Cooking Tips

Here are a list of a couple time-saving tips that will help ease your cooking experience 🙂

  • Grocery Shopping :
  1. Generally aim for stores with fresh quality produce at a good price.  I mainly enjoy cooking organic so your local farmer’s market would be an excellent choice.
  2. Try to shop for staples once a month (i.e. canned goods, pastas, rice, etc), while purchasing fresh ingredients as needed (i.e. fruits, meats, vegetables, etc).
  3. Plan what meals you want to make for the week in advance.  This will help you plan your grocery list better!
  4. Keep a constant shopping list in your kitchen, jotting down items when you run low.
  • Freezing
  1. To save money on food cost, freeze any ingredients you do not use within 1-2 days.  You can microwave to defrost items or thaw them in the refrigerator overnight.
  2. Meat and poultry that is partly frozen are easier to cut for soups, stir-fries and scaloppine.
  3. If you have a lot of leftovers, you can store them in the freezer in labeled and dated containers/ziplock bags.
  • Fresh and Refrigerated Goods
  1. Selecting quality produce is crucial to cooking.  A rotten fruit/vegetable is never a tasty thing! When picking fruit, always go with aroma, lack of bruises, and bright in color.
  2. To extract the juice from limes and lemons, roll them firmly on a hard surface.  This  helps extract the water content nestled within the membranes.  Save the peels in a ziplock bag for later usage.  You can add them to water to prevent browning of peeled apples or potatoes, or preserve the rind for flavorings dishes, or household uses such as cleaning tough stains off kitchen counters and freshening up your food disposal.
  3. When selecting melons, smell at the stem end for a sweet aroma– it should yield slightly to pressure.  Berries should also have a fragrant aroma as well and should not be washed until just before use.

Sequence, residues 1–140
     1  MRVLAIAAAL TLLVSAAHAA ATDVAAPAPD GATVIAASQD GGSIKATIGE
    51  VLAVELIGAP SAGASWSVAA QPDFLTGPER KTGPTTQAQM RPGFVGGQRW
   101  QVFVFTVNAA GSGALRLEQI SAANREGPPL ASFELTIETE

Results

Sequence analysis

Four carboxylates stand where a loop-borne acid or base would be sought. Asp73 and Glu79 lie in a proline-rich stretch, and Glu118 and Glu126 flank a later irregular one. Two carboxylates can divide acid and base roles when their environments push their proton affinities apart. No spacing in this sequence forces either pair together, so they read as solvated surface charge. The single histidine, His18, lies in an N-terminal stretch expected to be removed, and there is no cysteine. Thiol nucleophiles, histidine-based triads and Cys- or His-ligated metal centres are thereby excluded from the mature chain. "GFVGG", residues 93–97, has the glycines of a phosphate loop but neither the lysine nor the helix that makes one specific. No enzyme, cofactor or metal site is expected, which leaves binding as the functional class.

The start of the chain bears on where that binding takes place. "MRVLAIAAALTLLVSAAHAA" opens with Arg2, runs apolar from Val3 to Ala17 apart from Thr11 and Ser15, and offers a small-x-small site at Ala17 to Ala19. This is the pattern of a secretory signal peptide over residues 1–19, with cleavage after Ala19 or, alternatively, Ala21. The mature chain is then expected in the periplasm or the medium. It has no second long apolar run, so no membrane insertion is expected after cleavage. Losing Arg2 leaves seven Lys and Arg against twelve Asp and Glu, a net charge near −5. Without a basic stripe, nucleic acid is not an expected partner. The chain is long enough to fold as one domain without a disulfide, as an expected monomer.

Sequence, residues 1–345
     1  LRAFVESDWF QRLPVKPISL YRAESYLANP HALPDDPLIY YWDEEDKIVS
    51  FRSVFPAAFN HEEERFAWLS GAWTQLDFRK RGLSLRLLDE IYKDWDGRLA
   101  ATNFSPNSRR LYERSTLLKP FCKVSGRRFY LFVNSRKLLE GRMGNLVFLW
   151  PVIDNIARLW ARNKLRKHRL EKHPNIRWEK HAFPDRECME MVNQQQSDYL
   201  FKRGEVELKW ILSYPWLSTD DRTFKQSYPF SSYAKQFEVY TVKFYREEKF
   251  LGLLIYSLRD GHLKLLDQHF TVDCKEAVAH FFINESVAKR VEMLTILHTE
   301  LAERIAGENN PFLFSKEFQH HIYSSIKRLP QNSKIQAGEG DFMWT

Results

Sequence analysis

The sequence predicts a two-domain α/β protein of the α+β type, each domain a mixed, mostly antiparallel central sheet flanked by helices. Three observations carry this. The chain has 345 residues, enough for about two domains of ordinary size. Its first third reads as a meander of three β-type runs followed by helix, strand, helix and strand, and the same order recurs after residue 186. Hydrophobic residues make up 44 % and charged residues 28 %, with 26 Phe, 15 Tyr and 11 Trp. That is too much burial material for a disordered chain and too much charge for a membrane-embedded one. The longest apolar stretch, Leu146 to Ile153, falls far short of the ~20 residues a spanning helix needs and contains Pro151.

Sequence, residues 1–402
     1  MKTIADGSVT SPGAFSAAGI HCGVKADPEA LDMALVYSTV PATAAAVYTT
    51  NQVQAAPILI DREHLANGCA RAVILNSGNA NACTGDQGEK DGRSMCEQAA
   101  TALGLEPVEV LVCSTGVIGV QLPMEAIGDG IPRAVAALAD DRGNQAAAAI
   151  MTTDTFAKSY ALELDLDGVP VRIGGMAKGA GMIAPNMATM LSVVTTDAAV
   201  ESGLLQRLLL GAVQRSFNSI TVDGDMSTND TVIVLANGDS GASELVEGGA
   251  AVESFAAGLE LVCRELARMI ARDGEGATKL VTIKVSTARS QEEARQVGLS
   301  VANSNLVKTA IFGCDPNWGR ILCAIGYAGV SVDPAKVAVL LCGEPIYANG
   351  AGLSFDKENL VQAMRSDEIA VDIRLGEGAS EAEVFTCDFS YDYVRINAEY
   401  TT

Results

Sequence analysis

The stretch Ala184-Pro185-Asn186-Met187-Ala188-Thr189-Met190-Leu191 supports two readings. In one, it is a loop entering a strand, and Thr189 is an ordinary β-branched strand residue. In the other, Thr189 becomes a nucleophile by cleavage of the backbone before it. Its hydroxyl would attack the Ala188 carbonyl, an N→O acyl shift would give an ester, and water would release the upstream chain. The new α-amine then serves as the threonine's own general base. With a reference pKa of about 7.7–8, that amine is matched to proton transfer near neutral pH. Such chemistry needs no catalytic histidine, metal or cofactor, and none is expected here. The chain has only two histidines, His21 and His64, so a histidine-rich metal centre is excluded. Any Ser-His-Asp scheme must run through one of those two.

4. To keep herbs from wilting, keep them stored in a tall container of water in the fridge.  Trim the stems as you would flowers.
  5. Store mushrooms in a paper bag so they are able to breathe, or else they become slimy and browned by condensation from the plastic bag.
  6. When selecting chili peppers, red ones will be sweeter than green because they are more ripe.  The bigger the pepper the less hot it is.  (Kind of like scorpions! Random? Maybe a little…)
  7. To test the doneness of a hard boiled egg, simply just give it a spin.  If it does not spin and wobbles, it is underdone, when it continues to spin it is ready to eat.  Also to quickly peel hard-boiled eggs, roll the egg lightly until the entire shell is cracked all over.  Peel from the end with the air pocket and remove the shell in a spiral formation.
  • Dry Goods
  1. If a recipe calls for herbs and spices to be removed before serving, simply put them in a cheesecloth and tie it with a string or if readily available, a wire meshed tea ball.  This will make extracting the herbs easier.
  2. Store commonly used dry goods like flour, sugar, grains, legumes and pasta in large half-gallon, wide-mouth, vacuum-sealed containers.  These jars will allow you to easily measure out your ingredients as well as keep the moisture out.
  3. To shorten the boiling time for water, start with hot tap water.  This will cut your time by almost half.  Thin pastas such as vermicelli and angel hair will call for a much quicker cooking time than a thicker pasta like fettuccine or penne.